Successful SEO Tactics: Reporting & Analytics


As we close out our four-part series on the SEO Tactics chart, we touch on the most powerful of all of the pillars – measurement, reporting, and analytics. This is the subject I’m most passionate about as it lies at the core of a solid organic strategy and ultimately the long-term success of an organic program.

It’s striking that there is still such casualness when it comes to the discipline of SEO. There are still a remarkable number of companies that can’t differentiate organic traffic from direct load and referring traffic.

If you’ve managed or been close to paid search campaigns you understand the degree to which measurement and analysis impacts successful efforts. One of the first pieces of advice I give to clients and colleagues is to apply this same mindset to organic search.

Data is useless. Insight, and then action, is the key to advancing your program. This article will highlight some of the more important, and underutilized, metrics that can help you find performance breakthroughs, as well as discuss exactly why it’s so critical that you get this part right.

Justify Your Existence

If you aren’t tracking conversions, then you’re probably in for a short ride. Rankings will only get you so far.

Justifying your retainer (agency) or salary (in-house) is going to be difficult without demonstrating the business impact you are making. We’re talking about revenue, leads and margin – not rankings.

Be persistent about the need to track these metrics before you engage with a company. If the tracking isn’t present and they aren’t willing to put forth the effort to measure these goals, you should pass on the opportunity until the proper tracking is in place.

Understand Causality

Without taking the time to analyze data it becomes incredibly easy to chase your own tail. Chances are you’re putting forth a ton of time, energy, and effort to make an impact on your program.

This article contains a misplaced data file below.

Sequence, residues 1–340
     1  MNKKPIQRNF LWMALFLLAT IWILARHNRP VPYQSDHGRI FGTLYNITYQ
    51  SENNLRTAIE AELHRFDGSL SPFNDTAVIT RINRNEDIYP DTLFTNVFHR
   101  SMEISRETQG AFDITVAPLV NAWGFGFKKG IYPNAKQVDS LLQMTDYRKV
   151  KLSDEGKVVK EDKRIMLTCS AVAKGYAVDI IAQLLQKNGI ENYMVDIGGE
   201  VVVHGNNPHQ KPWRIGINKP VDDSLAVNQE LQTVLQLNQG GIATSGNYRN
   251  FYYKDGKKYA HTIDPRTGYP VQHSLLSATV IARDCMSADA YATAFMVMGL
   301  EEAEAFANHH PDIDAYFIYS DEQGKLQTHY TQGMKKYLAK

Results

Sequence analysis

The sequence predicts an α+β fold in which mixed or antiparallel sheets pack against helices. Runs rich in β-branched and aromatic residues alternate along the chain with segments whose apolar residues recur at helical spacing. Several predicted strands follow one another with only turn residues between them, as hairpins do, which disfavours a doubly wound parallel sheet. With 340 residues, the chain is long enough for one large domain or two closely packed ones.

But what’s really moving the needle and what’s simply an effort of futility? If you find yourself asking this question, slow down half a pace, execute, monitor, measure, and make note (as best you can) of which tactics indeed moved the needle.

Conversions, Then Traffic, Then Rankings

Focusing attention on keywords that have the highest likelihood to convert to a sale or lead isn’t always synonymous with high traffic terms. Spend the time in your analytics package to understand the difference and apply more pressure to keywords that will increase revenue/leads. As mentioned earlier, if you keep your eye on conversion, you have a better chance of keeping your job.

Differentiate Between Brand Non-Brand

In relation to measuring keyword-level conversion (and in proving your value), be sure to clearly differentiate performance of brand and non-brand terms.

Non-brand growth is the leverage point in most programs. If you’re analyzing, or worse presenting, data that is only rolled up as overall organic traffic, it’s possible to be misleading yourself and others. If the overall organic program experienced a 36 percent year-over-year lift in traffic and 14 percent lift in conversions – ask yourself why and where. Was it driven by brand terms as a result of an aggressive offline campaign that is running?